Alaska: 28% of polar bears with skin lesions and hair loss get tested for thyroid abnormalities, similar symptoms as seals and walrus — ‘Surprisingly’ high mortality of musk ox with weak immune function — Geese with high rate of non-viable eggs
November 18th, 2013
Wildlife Disease and Environmental Health in Alaska: Fact Sheet for 2013, U.S. Geological Survey (Emphasis Added): Environmental contaminants also threaten the health of wildlife and humans […] Some of these compounds persist in the environment for many years and accumulate in living organisms […] Alopecia (loss of fur) and other skin lesions were recently observed in polar bears off the northern coast of Alaska. Biologists are examining samples from afflicted polar bears to identify possible causes of these lesions. […] biologists have observed a high rate of non-viable eggs in nests of greater white-fronted geese. Future analyses will provide insights about elevated rates of embryo mortality in birds […] Coxiella burnetii, a bacterial pathogen that causes disease in animals and humans, was recently detected in polar bears, northern fur seals, and soil samples in Alaska. […] An ongoing study of emperor geese in Western Alaska allows for detailed investigation of the effects of blood parasites on specific fitness parameters, including reproductive success and adult survival. […] In another study, the Alaska Science Center has documented surprisingly high mortality (20–30 percent) of adult female musk ox during mid- to late summer in northwestern Alaska. Given the magnitude and timing of the observed mortality, and the fact that these muskoxen are in good nutritional condition in late winter, a pathogen is suspected to be contributing to the high losses observed. Additionally, copper deficiencies have been identified in other Alaskan musk ox, which can result in compromised immune function. […]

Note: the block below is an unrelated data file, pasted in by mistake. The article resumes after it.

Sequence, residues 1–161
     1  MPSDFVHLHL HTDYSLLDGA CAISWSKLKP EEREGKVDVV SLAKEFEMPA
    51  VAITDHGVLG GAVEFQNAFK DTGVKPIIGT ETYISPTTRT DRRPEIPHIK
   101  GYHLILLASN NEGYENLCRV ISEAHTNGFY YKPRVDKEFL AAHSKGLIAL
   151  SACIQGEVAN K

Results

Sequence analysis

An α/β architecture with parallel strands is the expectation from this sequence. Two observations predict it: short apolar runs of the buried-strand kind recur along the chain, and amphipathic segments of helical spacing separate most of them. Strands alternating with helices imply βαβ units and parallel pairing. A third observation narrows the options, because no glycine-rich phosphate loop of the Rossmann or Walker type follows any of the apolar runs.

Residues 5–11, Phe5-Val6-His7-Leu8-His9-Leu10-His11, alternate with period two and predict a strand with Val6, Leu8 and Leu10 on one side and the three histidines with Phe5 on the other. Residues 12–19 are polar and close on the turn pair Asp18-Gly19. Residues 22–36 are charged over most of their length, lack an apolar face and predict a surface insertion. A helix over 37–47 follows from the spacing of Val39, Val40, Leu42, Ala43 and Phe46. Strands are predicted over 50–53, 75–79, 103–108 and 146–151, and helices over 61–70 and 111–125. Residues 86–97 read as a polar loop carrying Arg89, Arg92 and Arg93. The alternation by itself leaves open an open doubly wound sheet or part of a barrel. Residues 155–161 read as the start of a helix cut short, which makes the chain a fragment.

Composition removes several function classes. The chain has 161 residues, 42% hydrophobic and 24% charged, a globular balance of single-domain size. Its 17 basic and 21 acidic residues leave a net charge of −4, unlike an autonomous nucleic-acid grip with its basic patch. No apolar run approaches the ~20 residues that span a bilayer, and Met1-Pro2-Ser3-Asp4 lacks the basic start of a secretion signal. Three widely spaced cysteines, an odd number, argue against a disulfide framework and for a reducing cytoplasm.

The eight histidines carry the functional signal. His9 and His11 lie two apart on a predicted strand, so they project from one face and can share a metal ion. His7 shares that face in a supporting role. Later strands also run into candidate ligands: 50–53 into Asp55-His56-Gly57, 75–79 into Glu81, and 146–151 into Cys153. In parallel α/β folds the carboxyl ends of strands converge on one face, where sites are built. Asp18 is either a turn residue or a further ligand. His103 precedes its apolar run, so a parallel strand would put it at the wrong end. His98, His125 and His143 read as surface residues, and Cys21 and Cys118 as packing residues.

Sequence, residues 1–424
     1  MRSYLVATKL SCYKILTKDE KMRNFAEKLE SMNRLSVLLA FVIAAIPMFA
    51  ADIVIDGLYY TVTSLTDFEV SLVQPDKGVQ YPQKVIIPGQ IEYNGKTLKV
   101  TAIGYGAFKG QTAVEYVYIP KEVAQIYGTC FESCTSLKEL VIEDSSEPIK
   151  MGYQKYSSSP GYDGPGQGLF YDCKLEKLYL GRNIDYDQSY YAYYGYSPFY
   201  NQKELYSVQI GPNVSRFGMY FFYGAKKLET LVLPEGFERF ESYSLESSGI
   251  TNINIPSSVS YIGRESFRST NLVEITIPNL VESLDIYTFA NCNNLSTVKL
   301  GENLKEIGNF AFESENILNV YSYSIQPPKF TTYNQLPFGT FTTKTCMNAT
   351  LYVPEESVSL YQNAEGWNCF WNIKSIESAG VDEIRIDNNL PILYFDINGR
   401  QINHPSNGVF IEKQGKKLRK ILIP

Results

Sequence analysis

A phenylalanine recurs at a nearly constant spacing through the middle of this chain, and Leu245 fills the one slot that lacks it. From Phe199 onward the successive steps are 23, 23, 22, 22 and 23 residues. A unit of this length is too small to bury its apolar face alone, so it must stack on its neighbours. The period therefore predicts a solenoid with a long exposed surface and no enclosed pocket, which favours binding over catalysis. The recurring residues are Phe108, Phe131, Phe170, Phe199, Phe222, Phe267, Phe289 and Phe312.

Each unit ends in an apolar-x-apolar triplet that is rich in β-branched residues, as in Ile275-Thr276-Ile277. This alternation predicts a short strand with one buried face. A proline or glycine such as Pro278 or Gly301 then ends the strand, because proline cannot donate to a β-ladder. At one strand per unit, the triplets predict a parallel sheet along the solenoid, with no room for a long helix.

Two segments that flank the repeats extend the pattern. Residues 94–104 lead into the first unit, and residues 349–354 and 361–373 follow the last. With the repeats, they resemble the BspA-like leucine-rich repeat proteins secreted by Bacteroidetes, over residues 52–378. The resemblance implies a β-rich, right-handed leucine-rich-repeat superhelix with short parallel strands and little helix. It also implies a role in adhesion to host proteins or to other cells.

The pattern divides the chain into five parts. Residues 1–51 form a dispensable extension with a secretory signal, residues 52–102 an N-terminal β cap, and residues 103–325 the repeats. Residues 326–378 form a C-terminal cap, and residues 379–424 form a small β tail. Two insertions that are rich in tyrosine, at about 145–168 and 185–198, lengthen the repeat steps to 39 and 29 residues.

Winter/Spring 2013 Newsletter, Alaska Region Marine Mammal Stranding Network: Since the spring of 2012, a total of 23 polar bears from Barrow, Deadhorse and Kaktovik have been identified with variable degrees of hair loss/ thinning, inflamed and crusting skin, and oral lesions. The prevalence of these symptoms appears to be in about 28% of observed animals.Thus far, testing for endocrine abnormalities (thyroid function) and vitamin A and trace mineral imbalances in affected bears has been inconclusive, as have toxicity studies. […] The concurrent presence of hair loss in seals, walrus and polar bears has suggested a possible connection between the events. monitoring for new or unusual cases will continue into the 2013 field season.